Self-harm & Suicide
Self-harm & Suicide
Suicide and self-harm are important issues with wide reaching effects in our communities. Rates of suicide have increased in recent years and emergency department visits for self-harm began climbing in 2012 after many years of reduction. About 10% of the population had seriously considered suicide in 2015 and 2016 while 2% reported making an attempt in their lifetime. Females and young people are more at risk for self-harm, however the pattern for suicide shows higher rates in males and those in their middle adult years.
According to the Canadian Community Health Survey conducted in 2015 and 2016, one in 10 people, aged 15 and older in Middlesex-London, had seriously considered suicide at some time in their life (10.8%). The result is consistent with rates seen in the Peer Group and the province as a whole. Approximately 2% of the population had considered suicide in the year prior to the survey. Again, this rate was not different from the geographic comparators (Figure 4.6.1).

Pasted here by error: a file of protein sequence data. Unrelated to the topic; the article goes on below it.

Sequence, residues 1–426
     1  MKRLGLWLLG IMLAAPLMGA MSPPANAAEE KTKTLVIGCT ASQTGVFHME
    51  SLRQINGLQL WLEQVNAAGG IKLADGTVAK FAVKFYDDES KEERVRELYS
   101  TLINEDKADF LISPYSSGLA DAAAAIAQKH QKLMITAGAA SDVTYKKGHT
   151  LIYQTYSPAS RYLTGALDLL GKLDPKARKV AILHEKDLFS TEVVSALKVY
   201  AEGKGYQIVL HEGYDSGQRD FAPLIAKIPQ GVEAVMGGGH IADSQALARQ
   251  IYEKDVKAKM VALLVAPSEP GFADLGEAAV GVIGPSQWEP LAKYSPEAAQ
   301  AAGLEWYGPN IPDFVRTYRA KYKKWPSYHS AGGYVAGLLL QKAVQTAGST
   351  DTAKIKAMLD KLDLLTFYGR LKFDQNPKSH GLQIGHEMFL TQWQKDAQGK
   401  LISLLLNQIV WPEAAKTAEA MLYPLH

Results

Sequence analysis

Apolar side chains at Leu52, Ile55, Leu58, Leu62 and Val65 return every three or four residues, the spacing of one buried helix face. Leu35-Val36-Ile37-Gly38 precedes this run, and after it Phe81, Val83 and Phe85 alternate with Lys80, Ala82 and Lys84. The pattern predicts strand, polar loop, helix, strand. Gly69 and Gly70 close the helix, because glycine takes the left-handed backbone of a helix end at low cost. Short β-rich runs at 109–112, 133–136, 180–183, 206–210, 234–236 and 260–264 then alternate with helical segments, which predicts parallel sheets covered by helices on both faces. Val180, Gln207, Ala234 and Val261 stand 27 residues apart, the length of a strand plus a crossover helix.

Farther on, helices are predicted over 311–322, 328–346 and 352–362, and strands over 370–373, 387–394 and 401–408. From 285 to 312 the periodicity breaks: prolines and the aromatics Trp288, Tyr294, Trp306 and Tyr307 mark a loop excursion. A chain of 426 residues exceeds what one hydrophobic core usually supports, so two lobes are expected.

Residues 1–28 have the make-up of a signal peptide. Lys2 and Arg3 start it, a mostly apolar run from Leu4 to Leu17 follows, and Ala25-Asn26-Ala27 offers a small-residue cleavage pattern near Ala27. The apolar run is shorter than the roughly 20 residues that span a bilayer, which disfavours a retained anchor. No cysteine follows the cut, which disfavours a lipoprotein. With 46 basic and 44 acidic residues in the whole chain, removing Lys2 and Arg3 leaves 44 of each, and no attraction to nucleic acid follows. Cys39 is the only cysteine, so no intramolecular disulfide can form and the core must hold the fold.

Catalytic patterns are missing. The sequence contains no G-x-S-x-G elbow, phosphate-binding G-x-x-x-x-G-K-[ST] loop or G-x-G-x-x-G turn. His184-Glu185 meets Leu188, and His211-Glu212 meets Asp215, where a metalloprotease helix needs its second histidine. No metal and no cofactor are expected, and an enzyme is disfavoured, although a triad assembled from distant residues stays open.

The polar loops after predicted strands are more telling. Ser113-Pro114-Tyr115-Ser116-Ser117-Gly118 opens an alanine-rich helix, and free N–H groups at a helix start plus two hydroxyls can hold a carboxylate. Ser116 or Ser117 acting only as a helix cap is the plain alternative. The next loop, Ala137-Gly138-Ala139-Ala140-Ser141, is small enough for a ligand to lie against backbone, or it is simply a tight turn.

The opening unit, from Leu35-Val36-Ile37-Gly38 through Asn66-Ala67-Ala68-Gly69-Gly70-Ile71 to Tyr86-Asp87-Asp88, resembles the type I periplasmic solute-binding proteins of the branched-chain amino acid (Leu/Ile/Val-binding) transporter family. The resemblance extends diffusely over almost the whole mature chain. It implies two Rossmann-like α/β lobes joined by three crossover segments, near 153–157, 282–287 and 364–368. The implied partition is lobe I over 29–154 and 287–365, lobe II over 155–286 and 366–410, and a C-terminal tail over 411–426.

About 2% of the Middlesex-London population reported having attempted suicide in their lifetime (Figure 4.6.1).
There were no significant differences seen by age group in those who had ever considered suicide. Although, the rates in those under age 44 were higher than those 45 and older (Figure 4.6.2).
Those in the lowest income quintile had the highest rate of consideration of suicide in their lifetime (23.4%) in 2015/16, which was statistically significant from all other quintile groups. The trend shows that ever having considered suicide decreases as income increases with 6.2% of those in the top two quintiles reporting they had ever considered suicide (Figure 4.6.3).
There was no significant difference in suicide death rates between Middlesex-London and Ontario between 2008 and 2016 (Figure 4.6.4).